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Thanks to the fact that our banking industry in Australia is... outdated (which is the politest word I could think of when describing the banking industry)... to do a certain kind of transaction our bank requires us to use a dialup modem and send serial data to them.

When reading through their documentation (last update: 1995), they state that any "Soft Modems" (by which I assume they mean internal modems, as they refer to a AMR socket on a motherboard, which I haven't seen in donkeys years) should not be used because of "possible incompatibilities"

Seeing as buying an external, serial-port modem is actually quite expensive these days and I have a whole box of PCI modems taken out of a bunch of Dells I really don't want to have to buy an external modem. Additionally I think their documentation is simply outdated.

Has anyone had experience with internal modems causing issues, where an external modem didn't?

--Update--

Thanks for the tips everyone. It would appear that my interpretation of what constitutes a 'Soft Modem' was incorrect. It's interesting to see how these concepts evolve over time! 15 year old documentation never helps the cause either!

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4 Answers 4

up vote 5 down vote accepted

The actual problem with softmodems (aka winmodems in the era in whch that book was written) wasn't that they were internal. There were/are internal modems that aren't soft modems. Soft modems had less complex physical hardware and used software to emulate many of the features that traditionally were handled by hardware. How different modem manufacturers emulated the features in software varied wildly. Also there were huge problems with buggy drivers.

I don't think you should have any trouble with it now. I use an internal modem to for some of my organizations banking transactions. Granted I am in the US...but banks change slow everywhere it seems.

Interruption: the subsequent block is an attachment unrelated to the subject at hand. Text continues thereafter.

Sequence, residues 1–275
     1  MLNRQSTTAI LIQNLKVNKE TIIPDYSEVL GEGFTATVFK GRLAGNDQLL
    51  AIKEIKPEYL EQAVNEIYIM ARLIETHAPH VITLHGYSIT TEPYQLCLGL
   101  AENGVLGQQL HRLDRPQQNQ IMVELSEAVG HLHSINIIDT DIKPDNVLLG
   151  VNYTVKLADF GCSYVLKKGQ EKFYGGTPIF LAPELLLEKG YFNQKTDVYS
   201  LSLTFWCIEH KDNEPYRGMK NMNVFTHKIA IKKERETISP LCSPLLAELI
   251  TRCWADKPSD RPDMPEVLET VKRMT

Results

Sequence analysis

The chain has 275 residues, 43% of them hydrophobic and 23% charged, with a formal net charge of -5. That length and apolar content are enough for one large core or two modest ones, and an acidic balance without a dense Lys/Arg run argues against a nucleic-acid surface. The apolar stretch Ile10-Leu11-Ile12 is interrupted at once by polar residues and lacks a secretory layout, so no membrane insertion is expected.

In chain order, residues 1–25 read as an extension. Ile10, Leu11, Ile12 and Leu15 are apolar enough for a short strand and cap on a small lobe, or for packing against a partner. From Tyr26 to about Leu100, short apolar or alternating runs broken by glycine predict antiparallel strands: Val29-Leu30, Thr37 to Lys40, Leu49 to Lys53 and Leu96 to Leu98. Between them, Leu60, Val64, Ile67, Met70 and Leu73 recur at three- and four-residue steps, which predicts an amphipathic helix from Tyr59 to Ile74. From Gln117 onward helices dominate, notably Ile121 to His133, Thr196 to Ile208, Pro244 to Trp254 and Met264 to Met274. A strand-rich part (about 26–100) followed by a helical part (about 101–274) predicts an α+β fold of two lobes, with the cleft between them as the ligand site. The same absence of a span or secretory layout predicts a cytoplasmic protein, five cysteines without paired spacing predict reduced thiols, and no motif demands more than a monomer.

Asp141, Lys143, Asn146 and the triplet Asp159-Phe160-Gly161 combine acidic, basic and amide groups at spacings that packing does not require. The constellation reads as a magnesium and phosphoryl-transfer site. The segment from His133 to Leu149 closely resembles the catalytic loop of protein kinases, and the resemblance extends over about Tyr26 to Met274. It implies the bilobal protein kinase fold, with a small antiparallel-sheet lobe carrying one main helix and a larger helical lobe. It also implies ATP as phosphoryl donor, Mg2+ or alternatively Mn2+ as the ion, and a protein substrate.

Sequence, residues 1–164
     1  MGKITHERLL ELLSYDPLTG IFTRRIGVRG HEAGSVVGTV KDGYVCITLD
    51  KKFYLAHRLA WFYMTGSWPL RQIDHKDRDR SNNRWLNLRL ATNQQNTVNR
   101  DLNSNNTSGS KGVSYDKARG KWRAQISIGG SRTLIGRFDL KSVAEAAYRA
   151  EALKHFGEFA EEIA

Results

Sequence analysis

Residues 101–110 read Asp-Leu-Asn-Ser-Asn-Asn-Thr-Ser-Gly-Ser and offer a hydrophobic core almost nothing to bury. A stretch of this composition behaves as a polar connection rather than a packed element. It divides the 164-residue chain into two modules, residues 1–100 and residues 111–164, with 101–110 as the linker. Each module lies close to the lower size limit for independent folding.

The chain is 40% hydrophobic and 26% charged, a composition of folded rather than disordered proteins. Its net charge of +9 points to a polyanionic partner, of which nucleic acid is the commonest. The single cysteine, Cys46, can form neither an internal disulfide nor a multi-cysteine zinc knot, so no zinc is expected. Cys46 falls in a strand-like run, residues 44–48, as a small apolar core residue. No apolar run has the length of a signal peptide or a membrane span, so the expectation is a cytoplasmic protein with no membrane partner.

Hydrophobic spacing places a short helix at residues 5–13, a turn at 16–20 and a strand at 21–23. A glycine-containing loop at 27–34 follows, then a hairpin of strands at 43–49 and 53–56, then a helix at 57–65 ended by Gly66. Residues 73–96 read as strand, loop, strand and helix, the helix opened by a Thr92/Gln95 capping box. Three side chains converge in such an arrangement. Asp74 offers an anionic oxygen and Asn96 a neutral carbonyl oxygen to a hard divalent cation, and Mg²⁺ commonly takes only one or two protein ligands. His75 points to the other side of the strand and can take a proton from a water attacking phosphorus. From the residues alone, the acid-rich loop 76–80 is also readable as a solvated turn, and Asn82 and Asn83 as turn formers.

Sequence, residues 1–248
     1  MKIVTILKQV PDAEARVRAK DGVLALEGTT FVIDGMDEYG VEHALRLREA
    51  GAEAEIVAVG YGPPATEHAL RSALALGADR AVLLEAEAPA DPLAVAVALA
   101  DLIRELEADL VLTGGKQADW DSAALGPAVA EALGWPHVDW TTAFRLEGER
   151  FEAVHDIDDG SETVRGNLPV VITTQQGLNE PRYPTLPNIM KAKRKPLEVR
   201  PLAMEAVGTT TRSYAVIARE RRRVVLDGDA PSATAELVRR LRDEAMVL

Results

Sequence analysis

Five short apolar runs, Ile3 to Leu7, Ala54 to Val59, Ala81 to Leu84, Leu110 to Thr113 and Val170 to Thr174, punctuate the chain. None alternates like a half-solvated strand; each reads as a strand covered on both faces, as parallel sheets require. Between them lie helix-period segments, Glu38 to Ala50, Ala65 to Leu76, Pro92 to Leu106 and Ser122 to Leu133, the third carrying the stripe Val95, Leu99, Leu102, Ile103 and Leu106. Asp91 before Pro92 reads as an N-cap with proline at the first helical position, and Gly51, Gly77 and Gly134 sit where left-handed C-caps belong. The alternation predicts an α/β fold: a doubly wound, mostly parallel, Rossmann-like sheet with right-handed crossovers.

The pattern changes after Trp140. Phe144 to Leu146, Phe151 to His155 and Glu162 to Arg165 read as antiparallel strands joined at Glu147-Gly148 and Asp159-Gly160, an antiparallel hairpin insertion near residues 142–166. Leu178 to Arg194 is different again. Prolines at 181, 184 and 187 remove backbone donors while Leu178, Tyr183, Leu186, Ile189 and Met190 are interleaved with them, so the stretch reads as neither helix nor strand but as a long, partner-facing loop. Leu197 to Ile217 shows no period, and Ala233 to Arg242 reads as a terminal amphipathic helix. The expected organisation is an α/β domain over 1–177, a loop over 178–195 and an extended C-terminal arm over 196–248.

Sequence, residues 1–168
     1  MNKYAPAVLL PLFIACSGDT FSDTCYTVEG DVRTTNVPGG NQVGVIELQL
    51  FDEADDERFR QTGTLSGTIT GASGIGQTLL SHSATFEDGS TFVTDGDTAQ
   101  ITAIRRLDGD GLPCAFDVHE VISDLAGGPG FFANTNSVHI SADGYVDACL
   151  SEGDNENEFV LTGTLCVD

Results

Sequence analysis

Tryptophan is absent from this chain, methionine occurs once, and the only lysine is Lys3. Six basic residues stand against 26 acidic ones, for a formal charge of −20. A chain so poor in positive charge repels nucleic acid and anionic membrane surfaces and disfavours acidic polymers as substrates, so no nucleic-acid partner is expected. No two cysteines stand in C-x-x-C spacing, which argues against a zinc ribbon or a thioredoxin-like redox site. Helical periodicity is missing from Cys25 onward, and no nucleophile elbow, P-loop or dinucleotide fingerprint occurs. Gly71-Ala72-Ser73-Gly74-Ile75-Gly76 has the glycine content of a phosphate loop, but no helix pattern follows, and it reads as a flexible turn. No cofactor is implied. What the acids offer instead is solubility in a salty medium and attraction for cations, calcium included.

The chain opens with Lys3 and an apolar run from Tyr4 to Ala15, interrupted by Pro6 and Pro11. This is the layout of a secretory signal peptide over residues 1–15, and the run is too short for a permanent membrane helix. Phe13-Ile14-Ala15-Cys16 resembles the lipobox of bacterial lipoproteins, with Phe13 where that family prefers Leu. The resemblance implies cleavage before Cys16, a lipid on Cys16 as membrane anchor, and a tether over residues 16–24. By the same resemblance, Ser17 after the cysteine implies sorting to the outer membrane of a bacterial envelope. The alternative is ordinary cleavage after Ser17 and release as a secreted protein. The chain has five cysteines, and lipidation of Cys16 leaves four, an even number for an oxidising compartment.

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Yep... the reason external modems were recommended was because the abstraction of a serial cable guaranteed that all the processing was being done on the modem itself, rather than offloaded to the host CPU. Then USB modems came along and blurred the line - they can be external modems which are also soft modems. Good quality internal modems will be fine for your purposes - you just need to confirm they run complete processing chips and don't offload to the CPU. –  Chris Thorpe Mar 15 '10 at 21:24

Wow... you're taking me way back. I used to work front line support at an ISP back when softmodems hit the shelves.

Soft modems were sometimes a problem because they didn't do any of the DSP stuff on the modem itself, but within the OS driver. This was cool because you could add new features to the modem with a driver upgrade. It was also the source of many problems because you were relying on Windows to do the job previously left to dedicated hardware.

More info at Wikipedia: http://en.wikipedia.org/wiki/Softmodem

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Back when we used them commonly the main advantage to an external modem for us was that if it locked up on us (which both types did from time to time) we could simply power off the modem without having to reboot the computer -- the internal ones would often take the whole shebang down when things froze up. And oh, how they did freeze up. We had the best luck with U.S. Robotics -- the Couriers were indestructible and the Sportsters only slightly less so. To this day, if I needed a modem I'd probably look for a Courier on eBay.

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Soft modems were troublesome at the best of times, as the software emulation of proper modem hardware was considerably less than perfect. The PCI modems you have are not soft modems and will work fine. They are build using the same chipsets as external modems and don't rely on emulation software.

If you ever do find a need to obtain an external modem just talk to other admins in your area, as most of us have accumulated a bunch over the years.

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